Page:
“A House That is Literally Filled With Art Treasures”: No Place Like Home with a Photo of the Henry E. Huntington Villa, San Marino, July 1925

by Paul R. Spitzzeri

The centennial of the death of the railroad and real estate tycoon and art, books and manuscripts collector, Henry E. Huntington, is not all that far away and it can be safely assumed that there will be plenty of commemoration at the world-famous Huntington Library, Art Museum and Botanical Gardens on his estate in San Marino when 2027 and 2028 arrive. These years will mark his passing as well as the opening of the villa comprising the gallery of art collected by him and his second wife (and aunt, meaning widow of his uncle Collis) Arabella.

The highlighted object from the Museum’s collection for this “No Place Like Home” post is a July 1925 snapshot of the imposing 35,000 square-foot mansion (reportedly the largest in the region until television producer Aaron Spelling built his 56,000 square-foot house in Holmby Hills in the 1980s), which was completed in 1910. At that time, Henry was four years removed from a divorce from his first wife, Mary Alice, but, within a few years he married Arabella, who brought her considerable interests in art to the relationship, including his first major purchase of a work of art, a Gainsborough, often called “Lady Ligonier,” in 1911.

Los Angeles Times, 1 January 1925.

With his considerable financial resources, passion for books, manuscripts and, thanks to Arabella, art, Huntington amassed a remarkable and diverse portfolio for his collection, especially from his official retirement from business in 1910 until his death seventeen years later. In 1919, he and Arabella created the trust that established the institution and, five years later, she died at age 74 (leaving an estate valued at nearly $16.5 million).

Henry, who was born the same year, survived her by about three years, but his collecting continued to be aggressive. In fact, there is a quote attributed to him that goes:

A man may quit cigarettes, cocktails, money-making or anything else he likes, except collecting.

During the Roaring Twenties, he acquired fifty book collections, spent huge sums for the period on works of art and expended so much cash that his wealth was almost reduced in half, worrying advisers and friends (and perhaps the three daughters who survived him; his son, Howard, died in 1922) who told him he was not leaving enough of an endowment behind to keep his institution free to the public in perpetuity—sure enough, admission began to be charged in the 1980s.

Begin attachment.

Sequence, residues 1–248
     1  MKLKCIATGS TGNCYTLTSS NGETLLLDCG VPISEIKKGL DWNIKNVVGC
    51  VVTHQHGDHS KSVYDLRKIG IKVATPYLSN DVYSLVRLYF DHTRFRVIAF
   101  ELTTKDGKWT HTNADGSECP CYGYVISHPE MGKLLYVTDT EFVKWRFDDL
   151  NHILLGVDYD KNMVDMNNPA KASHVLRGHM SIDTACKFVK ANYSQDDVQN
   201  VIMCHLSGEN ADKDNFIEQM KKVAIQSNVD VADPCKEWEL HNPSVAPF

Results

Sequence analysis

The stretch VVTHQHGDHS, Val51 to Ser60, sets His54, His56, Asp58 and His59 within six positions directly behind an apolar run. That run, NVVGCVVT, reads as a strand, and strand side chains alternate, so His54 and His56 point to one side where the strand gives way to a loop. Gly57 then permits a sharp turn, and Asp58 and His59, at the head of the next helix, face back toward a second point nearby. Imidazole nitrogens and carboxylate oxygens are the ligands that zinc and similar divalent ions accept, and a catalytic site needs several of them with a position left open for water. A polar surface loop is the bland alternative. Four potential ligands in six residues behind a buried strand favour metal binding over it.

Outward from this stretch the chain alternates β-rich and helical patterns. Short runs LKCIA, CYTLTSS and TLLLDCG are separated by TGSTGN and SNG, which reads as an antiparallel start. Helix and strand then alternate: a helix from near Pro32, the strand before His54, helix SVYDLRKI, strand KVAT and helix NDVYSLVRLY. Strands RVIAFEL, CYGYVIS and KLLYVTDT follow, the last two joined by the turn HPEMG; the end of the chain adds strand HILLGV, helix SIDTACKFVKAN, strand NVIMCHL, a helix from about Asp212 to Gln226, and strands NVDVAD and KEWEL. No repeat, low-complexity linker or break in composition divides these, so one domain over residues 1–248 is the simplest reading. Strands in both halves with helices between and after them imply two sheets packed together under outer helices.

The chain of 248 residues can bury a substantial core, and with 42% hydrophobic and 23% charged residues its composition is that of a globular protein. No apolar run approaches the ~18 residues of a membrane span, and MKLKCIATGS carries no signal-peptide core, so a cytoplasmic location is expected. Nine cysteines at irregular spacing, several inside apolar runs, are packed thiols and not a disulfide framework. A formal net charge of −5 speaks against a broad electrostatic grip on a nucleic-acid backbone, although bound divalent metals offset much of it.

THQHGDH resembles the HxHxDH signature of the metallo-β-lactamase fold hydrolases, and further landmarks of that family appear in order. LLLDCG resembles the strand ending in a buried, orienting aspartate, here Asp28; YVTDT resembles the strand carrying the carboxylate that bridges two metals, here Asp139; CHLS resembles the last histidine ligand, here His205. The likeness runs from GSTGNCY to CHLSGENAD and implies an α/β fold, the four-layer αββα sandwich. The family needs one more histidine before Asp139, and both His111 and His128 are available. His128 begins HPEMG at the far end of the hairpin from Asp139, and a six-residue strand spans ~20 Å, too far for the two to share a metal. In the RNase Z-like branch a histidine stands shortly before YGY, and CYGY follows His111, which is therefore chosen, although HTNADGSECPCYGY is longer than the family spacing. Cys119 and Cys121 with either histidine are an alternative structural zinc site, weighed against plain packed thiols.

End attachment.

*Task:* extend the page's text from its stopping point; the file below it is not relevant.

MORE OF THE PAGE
Times, 11 January 1925.

The year this photo was taking included some very interesting news about Huntington and his empire in the middle of the decade. The New Year’s Day edition of the Los Angeles Times included photos of his massive library as part of S. Fred Hogue’s celebration of the growing intellectual climate in Los Angeles, noting the high rates of literacy, the well-established institutions of higher learning like USC and CalTech, as well as the Southern Branch of the University of California, which was seeking a permanent location, and other encouraging elements.

In fact, regarding the UC site, there were plenty of ideas and proposals throughout greater Los Angeles for possible sites, including Burbank, Chino Hills, Covina, Fullerton, Palos Verdes, Pasadena, San Fernando and Whittier. Huntington made an offer of 200 acres adjacent to his estate and it was claimed that value of the land was a cool $1.5 million. Eventually, of course, the regents for the University selected Westwood for what became known as UCLA.

Times, 11 January 1925.

Later in the year, the Los Angeles Illustrated Daily News quoted Maurice Ettinghausen, a London professor literature who had to come to San Marino to conduct his research on early classics, and who was paraphrased as stating that, “three-fourths of the best literature of the world that was written before the 16th century is to be found at the Huntington Library,” which was a large part of why greater Los Angeles was increasingly being viewed as an “educational mecca.”

The paper recorded that a board of trustees for the institution had recently been appointed, though there were a couple of deaths of key members of Huntington’s trusted circle, including Joseph E. Brown, long associated with the Los Angeles Railway, which Huntington acquired in 1898 as his first entry into local business, and who was secretary and treasurer of the non-profit foundation overseeing the institution until he passed away in February, and William E. Dunn, an attorney who was vice-president of the LARY and had a direct involvement in much of Huntington’s work and estate before he died in October.

Monrovia News, 1 May 1925.

That month, George S. Patton, who was married into the family of Benjamin D. Wilson, former owner of the Huntington estate, and who was also intimately connected with the tycoon’s business affairs, took the reins as chair of the trustees. Banker Henry M. Robinson, a powerful figure in the Angel City’s financial realm, became vice-president as Patton moved up and, filling the vacant seat was Dr. Robert A. Millikan of CalTech, who went on to be chair. Coverage in the Pasadena Post of the first included a quote from Huntington that “Southern California would have centered in Pasadena the greatest art center of the world.”

With respect to the collection, there were several notable events that took place in 1925. At the end of April, it was announced that the collection of the famed author Jack London was acquired from his widow, Charmian, who commented

I think I have visited most of the famous manuscript collections of western and southern Europe and America, and Mr. Huntington’s collection is among the best—and will be the very best in the world. It is a treasure that Califor[n]ians have not yet to comprehend.

A short time later, there were reports that Huntington was buying Raphael’s “Giuliano,” recently acquired by the powerful art dealer, Joseph Duveen, for a quarter million dollars, though this proved to be a false report and the painting by the Renaissance genius ended up in the Metropolitan Museum of Art in New York City.

Times, 7 June 1925.